P.A.N.D.A.S. Awareness Day is Today

Today, October 9, 2013 marks the first PANDAS/PANS Awareness Day. PANDAS (Pediatric Autoimmune Neuropsychiatric Disorders Associated with Streptococcal Infections)  is  often referred to as rheumatic fever of the brain.

As Executive Director of PALNYC, I want to make a personal plea to parents to put PANDAS on their radar now. Exactly two months ago– like most parents– I wasn’t familiar with the disorder, but now, after three specialists have concurred that my daughter’s symptoms and blood work (13 vials no less) are consistent with a PANDAS diagnosis, I’m reading everything I can find and putting  a team together of pediatric neurologists, psychologists, pediatricians, a homeopath, ENT, teachers, school staff and family to treat my 7-year-old daughter.

What does it look like? It can differ, but for my daughter, she displayed sudden onset motor and vocal tics, a sudden and very out of character separation anxiety, loss of focus, chorea-like movements, irritability and a change of temperament that didn’t fit our chilled out little girl.

Getting Diagnosed

Despite our regular pediatricians not being familar with, nor really subscribing to the experts diagnosis, we are fortunate to have found some great local specialists and resources, including Pandas Network.org, The OC Foundation and Latitudes.org. (I’m happy to share specialist recommendations with others as well.)

These resources have led us down the path toward treatment and hope. And it is my hope that others will benefit from our experiences, and those of families before us by learning the symptoms and signs early:

Strep, walking pneumonia, viruses, Lyme, and other infections can trigger an autoimmune reaction resulting in inflammation on a child’s brain. In turn, the child quickly begins to exhibit life changing symptoms such as OCD, anxiety, tics, personality changes, decline in math and handwriting abilities, sensory sensitivities, and more. These infections are often asymptomatic and go undetected. The autoimmune reaction can be stopped and symptoms are able to completely remit, but DIAGNOSIS and TREATMENT are necessary for this to happen. ~ PANDAS Network.org

Multiple states have officially proclaimed this day of awareness and acknowledged the need for educating the public and medical community about this autoimmune disorder. PANDAS Network.org is urging the public to help children be correctly diagnosed, have the opportunity to be treated, and put an end to unnecessary suffering. These devastating syndromes can no longer be ignored.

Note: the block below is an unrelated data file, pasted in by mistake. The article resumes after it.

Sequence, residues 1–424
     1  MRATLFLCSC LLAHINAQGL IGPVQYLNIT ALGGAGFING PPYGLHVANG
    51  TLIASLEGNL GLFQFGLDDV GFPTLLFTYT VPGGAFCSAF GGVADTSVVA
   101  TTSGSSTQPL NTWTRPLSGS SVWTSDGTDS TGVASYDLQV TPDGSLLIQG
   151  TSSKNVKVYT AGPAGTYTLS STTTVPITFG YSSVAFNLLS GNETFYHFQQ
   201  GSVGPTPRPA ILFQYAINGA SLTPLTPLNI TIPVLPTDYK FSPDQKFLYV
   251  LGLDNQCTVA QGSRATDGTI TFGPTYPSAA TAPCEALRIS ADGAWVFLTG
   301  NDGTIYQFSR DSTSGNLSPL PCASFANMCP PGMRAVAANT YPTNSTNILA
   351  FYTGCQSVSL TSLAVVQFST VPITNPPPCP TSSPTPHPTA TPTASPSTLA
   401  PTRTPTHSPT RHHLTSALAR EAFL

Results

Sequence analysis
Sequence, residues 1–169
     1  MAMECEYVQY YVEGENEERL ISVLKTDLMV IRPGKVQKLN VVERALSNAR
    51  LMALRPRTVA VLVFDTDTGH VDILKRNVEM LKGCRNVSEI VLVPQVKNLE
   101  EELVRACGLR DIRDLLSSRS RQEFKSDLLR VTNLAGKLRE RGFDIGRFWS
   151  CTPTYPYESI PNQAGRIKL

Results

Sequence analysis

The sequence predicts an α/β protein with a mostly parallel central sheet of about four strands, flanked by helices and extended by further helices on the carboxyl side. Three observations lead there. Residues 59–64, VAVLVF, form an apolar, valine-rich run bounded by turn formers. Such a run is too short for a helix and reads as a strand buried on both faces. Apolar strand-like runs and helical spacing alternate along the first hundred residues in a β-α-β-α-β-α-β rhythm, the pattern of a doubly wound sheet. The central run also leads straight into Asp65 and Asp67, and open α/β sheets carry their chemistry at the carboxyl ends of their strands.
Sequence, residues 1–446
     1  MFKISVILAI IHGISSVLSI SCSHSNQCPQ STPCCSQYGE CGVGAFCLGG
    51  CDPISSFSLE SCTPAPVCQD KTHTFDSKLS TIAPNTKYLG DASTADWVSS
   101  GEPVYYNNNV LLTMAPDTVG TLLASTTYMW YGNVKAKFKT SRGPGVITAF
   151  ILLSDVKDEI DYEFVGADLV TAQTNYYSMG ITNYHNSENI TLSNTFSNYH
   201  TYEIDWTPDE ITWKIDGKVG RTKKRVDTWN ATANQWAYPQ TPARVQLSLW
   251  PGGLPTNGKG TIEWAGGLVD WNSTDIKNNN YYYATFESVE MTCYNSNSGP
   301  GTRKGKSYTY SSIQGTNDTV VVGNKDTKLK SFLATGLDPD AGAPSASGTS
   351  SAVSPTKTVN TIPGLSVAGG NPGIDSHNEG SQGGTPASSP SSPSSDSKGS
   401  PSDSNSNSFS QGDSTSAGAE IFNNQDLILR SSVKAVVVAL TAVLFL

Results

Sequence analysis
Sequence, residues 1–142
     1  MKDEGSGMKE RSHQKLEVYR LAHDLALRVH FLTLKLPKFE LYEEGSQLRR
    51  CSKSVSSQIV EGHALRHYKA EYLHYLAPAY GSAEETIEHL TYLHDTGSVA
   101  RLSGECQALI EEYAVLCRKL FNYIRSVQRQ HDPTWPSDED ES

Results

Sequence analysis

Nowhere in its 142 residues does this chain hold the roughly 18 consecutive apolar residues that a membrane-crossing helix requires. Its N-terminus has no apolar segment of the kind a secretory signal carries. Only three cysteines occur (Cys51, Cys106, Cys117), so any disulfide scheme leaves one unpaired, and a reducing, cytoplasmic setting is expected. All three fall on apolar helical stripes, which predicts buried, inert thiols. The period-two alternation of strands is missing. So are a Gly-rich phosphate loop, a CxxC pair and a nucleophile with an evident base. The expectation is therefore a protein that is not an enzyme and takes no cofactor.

PANDAS (Pediatric Autoimmune Neuropsychiatric Disorders Associated with Streptococcal Infections) and PANS (Pediatric Acute­onset Neuropsychiatric Syndromes) are devastating syndromes that are likely as prevalent as Pediatric Cancer and Pediatric Diabetes, yet awareness and education is scarce. According to the CDC, “It is estimated that 13 –20 percent of children living in the United States (up to 1 out of 5 children) experience a mental disorder in a given year.” (www.cdc.gov/features/childrensmentalhealth) Finding out the root cause for these symptoms is imperative. If the onset is a result of PANDAS/PANS, a child can possibly be saved from a lifetime of suffering.

According to FoodsMatters.com, Children with PANDAS must initially be diagnosed with obsessive compulsive disorder (OCD) or a tic disorder. The children may have some of the following symptoms that accompany the OCD or tic disorder [Swedo1998][Moretti2008]:

• Obsessions (e.g., preoccupation with a fixed idea or an unwanted feeling, often accompanied by symptoms of anxiety);
• Compulsions (e.g., an irresistible impulse to act, regardless of the rationality of the motivation);
• Choreiform movements (e.g., milk-maid grip, fine finger playing movements in stressed stance);
• Emotional lability (e.g., irritability, sudden unexplainable rages, fight or flight behaviors);
• Age inappropriate behaviors particularly regressive bedtime fears/rituals;
• Significant separation anxiety;
• Oppositional defiant disorder;
• Tactile/sensory defensiveness;
• Marked deterioration in handwriting and math skills;
• Anorexia
 (particularly a fear of chocking, being poisoned, contamination fears).

The controversy in PANDAS (and, oh yes, there is a lot) is not about whether the children have the symptoms listed above. The controversy is whether the symptoms are caused by a common bacteria known as Group A Beta-Hemolytic Streptococcus (the bacteria in strep throat).

…The good news in PANDAS is that the condition does not seem to result in damage to the heart. The bad news is that without significant signs of chorea or heart involvement, most doctors will say, “Oh, your child has OCD.” Or, “Oh, your child has tics.” They don’t pursue the possibility of a bacterial cause. They don’t think about strep so they don’t think about antibiotics, the first treatment that should be considered for PANDAS.

To attend the upcoming NE PANS/PANDAS 2-DAY CONFERENCE in Rhode Island on November 9 and 10, see NE_Final_PANDAS_POSTER
Featuring Speakers: Dritan Agalliu, PhD * Kenneth Bock, M.D. Peggy Chapman, MSN * Madeleine Cunningham, PhD * Jeanne Hubbuch, M.D. * Beth Latimer, M.D.  * Beth Maloney J.D. * Jamie Micco, PhD * Diana Pohlman * Susan Swedo, M.D.  * Rosario Trifiletti, M.D.* Jolan Walter, M.D. * Kyle Williams, M.D.

Learn more about PANDAS on these links:

TALKING TO YOUR PEDIATRICIAN ABOUT PANDAS

PANDAS on The Doctors

RESEARCH

SAVING SAMMY

WHAT EVERY PSYCHIATRIST SHOULD KNOW ABOUT PANDAS

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